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Winter Tent Camping Tips

Mary Gormandy White

Fun in Any Temperature

If you'll be taking a camping trip after the temperatures turn frigid you'll certainly want to pick up some winter camping tips before you go. Spending time in the great outdoors can be fun any time of year if you prepare properly for the conditions you are likely to face.

Verify Seasonal Availability

Many campgrounds close during the winter months. Before setting off on a camping trip, contact the campground where you want to stay to ensure the facility will not be closed for the winter season when you arrive.

Prepare for Winter Weather

Watch the weather forecast before heading out and prepare yourself for the worst case scenario. It's always best to plan for the coldest possible conditions when going camping in the winter, as being over-prepared is better than getting to your campsite and finding out that your clothes aren't warm enough or that your sleeping bag and gear are rated for milder conditions.

Take a Compass and Map

Every winter camper or hiker should have a compass and a map. While a GPS can be helpful, the batteries may not last as long as you need. Even if you aren't planning to stay out longer than the batteries are expected to last, there is always a chance that you could get delayed, or that the equipment could malfunction.

Take a compass and map with you no matter what, and be prepared to use them.

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Choose an Appropriate Sleeping Bag

Quality sleeping bags designed for serious campers include temperature ratings. Be sure to take a sleeping bag that is appropriate for the climate you'll experience during your outdoor adventure.

The Coleman Big Basin Extreme Weather sleeping bag pictured here is a good cold weather choice. It's a well-made mummy-style bag rated for zero to 20 degree weather and costs about $50.

Eat Plenty of Food

When you're spending time outdoors in cold weather, you'll likely need more calories than usual. Increase your chances of staying warm by consuming plenty of calories.

Eat plenty of high-protein foods, like beef jerky and nuts, though you can also enjoy toasted marshmallows an other traditional camping treats. A bedtime snack can help keep you warm throughout the night.

Dress in Layers

Since your activity level is likely to vary greatly while you are camping, you should dress in layers. Bundle up early in the day to get and stay warm. Remove layers as your body starts to generate heat based on your activity level.

Try to avoid perspiration as you don't want to end up wearing clothing that is damp from sweat when the temperatures start to dip during the evening hours.

Keep Snow Out of Tent

Take care to keep snow out of your tent so you don't experience problems with water and condensation inside your structure.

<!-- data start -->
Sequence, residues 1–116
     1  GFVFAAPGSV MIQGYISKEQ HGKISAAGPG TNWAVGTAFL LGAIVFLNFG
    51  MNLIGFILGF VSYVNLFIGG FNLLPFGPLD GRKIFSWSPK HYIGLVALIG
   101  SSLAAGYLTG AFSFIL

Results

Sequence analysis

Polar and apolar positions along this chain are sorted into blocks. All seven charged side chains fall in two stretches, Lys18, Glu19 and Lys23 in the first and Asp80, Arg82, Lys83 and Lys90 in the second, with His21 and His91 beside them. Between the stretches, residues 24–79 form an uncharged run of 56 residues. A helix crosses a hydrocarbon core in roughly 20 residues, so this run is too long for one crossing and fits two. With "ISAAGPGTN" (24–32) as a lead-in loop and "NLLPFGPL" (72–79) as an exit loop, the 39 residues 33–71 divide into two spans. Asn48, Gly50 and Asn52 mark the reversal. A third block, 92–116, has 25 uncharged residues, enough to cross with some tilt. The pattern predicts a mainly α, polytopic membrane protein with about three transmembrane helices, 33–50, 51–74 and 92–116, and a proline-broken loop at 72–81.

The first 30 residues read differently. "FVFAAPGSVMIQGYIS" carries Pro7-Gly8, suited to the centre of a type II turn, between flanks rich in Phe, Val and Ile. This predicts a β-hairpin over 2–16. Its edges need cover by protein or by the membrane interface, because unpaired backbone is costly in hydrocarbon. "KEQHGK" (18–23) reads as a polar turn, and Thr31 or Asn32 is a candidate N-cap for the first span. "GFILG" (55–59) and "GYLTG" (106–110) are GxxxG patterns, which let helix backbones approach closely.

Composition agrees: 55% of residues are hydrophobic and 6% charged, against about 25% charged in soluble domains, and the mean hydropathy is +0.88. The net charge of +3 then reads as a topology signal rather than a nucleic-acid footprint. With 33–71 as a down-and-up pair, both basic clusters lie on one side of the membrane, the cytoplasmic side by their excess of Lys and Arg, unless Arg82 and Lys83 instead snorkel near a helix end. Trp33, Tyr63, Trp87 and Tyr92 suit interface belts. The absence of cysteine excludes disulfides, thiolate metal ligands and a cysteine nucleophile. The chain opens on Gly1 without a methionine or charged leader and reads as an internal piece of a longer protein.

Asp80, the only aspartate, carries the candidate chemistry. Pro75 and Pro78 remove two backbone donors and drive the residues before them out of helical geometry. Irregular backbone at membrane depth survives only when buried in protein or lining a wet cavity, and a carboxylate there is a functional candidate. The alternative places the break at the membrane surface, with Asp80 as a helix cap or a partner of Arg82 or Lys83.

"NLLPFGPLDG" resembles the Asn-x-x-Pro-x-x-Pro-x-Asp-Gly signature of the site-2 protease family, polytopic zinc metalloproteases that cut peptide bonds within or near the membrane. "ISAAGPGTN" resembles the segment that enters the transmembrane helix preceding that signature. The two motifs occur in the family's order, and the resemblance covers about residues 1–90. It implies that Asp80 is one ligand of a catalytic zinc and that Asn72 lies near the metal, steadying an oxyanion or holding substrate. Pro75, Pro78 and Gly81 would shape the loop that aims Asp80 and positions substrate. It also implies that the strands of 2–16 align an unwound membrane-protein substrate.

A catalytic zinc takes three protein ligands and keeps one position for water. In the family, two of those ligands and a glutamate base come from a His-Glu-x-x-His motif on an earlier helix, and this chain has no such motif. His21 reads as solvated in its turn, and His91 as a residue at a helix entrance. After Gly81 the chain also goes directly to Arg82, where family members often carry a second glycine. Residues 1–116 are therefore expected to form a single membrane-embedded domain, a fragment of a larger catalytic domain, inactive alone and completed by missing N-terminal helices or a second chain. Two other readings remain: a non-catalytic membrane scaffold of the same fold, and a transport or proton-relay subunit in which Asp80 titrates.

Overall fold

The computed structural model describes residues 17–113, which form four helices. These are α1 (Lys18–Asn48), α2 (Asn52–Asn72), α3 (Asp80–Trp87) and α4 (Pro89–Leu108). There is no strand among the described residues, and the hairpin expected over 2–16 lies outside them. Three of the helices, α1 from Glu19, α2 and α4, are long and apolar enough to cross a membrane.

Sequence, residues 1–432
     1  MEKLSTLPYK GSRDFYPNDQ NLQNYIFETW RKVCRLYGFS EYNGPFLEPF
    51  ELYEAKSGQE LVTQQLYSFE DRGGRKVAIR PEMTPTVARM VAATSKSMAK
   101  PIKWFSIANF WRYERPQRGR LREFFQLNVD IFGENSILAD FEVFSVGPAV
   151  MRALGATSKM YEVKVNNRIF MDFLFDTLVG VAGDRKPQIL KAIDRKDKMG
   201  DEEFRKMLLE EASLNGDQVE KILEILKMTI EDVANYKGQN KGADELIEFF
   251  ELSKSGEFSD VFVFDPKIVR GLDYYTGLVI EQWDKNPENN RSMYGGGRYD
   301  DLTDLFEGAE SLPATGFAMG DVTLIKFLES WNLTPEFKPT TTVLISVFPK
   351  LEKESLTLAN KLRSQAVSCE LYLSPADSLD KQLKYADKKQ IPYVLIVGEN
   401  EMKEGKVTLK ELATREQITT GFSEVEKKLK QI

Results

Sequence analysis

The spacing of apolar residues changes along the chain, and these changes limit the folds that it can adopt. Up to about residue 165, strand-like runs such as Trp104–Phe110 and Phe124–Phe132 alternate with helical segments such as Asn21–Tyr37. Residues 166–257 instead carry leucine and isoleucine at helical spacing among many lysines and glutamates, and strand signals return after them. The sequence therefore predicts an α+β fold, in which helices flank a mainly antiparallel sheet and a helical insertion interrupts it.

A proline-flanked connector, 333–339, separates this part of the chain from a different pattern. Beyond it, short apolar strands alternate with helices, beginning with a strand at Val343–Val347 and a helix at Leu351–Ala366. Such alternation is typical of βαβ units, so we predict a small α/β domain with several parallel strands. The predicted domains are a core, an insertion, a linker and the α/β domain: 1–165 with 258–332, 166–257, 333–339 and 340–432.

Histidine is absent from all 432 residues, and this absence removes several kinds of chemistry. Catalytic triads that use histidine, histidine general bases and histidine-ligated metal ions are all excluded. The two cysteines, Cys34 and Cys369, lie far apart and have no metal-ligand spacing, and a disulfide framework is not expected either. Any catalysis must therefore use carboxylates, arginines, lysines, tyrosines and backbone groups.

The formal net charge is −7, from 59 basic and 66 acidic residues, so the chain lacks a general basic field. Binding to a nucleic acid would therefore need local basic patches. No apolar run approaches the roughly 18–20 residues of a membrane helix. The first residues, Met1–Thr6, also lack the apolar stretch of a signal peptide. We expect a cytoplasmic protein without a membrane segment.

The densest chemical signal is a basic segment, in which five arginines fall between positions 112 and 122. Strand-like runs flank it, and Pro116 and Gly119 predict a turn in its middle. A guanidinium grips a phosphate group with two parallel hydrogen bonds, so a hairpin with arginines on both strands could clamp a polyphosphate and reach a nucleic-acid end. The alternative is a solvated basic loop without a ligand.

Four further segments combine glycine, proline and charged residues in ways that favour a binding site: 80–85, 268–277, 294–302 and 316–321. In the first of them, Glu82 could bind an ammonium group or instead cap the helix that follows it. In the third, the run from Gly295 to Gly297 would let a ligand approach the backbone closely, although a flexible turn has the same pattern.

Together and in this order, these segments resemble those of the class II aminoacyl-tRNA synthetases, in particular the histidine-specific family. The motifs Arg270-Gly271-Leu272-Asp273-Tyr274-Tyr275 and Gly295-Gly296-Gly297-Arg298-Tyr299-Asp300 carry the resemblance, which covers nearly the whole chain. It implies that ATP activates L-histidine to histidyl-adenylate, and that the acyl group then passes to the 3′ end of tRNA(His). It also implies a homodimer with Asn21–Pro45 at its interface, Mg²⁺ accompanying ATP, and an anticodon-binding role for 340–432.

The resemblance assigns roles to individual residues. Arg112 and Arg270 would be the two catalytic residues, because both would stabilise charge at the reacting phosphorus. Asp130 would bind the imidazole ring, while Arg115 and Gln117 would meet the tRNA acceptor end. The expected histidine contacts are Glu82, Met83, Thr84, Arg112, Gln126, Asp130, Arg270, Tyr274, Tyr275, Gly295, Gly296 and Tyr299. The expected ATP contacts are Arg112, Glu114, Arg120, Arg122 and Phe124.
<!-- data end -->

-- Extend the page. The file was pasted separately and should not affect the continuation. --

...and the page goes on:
Be sure to put a tarp under your tent and stake it securely. Keep it securely zipped at all times, opening it as briefly as possible to enter and exit. Additionally, brush the snow away from your clothes and shoes before entering the tent.

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Choose a Four-Season Tent

It's important to use a tent designed to hold up to winter conditions if you'll be camping during the coldest months of the year. Choose a four-season tent so you can be sure that your shelter is appropriate for cold-weather camping.

The HIGH PEAK tent pictured here is a good three-person tent designed for extreme temperatures and harsh conditions. It has a particularly sturdy design, waterproof seams, and zippers that seal completely.

Warm Up Before Bed

Before you crawl into the sleeping bag, take a little time to warm yourself. Do a few jumping jacks or jog around your campsite. This will help you make the transition from moving around fully clothed to snuggling up in your sleeping bag comfortably.

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Severe Weather Travel Kit

Pack a severe weather travel kit so that you'll be prepared for any roadside emergencies when you are traveling to and from your camping destination.

The kit pictured here is offered by AAA and has 66 items selected to be of use in various types of winter emergencies. It costs about $45 and can easily be stowed in any type of vehicle.

Conserve Cell Phone Battery

Bring your cell phone, but don't use it unless it's an emergency. You want to try to save the batteries.

Instead of relying on your cell phone to take photographs during your adventure, bring a separate camera so that you don't drain your battery faster than necessary.

Share Your Plans

For safety, make sure someone knows where you are going and what your timeline is. If you are going out for a long time, have periodic check-ins.

If you get lost or in trouble, stay put and try to keep warm. Conserve energy and food. Because you have let someone know where you are going and been having check-ins, people will come looking. Make it easy for them to find you.

Enjoy a Cold Weather Adventure

Winter camping can provide you with a way to enjoy nature that's very different from a warm-weather camping experience. Before you set out for a cold-weather outdoor adventure, make sure that you are fully prepared for any situations you might face. Take the time to develop a clear understanding of winter camping safety and use a season-specific checklist to gather and pack your gear.

Getting prepared ahead of time can ensure that you have a wonderful experience in the great outdoors.

Mary Gormandy White
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Winter Tent Camping Tips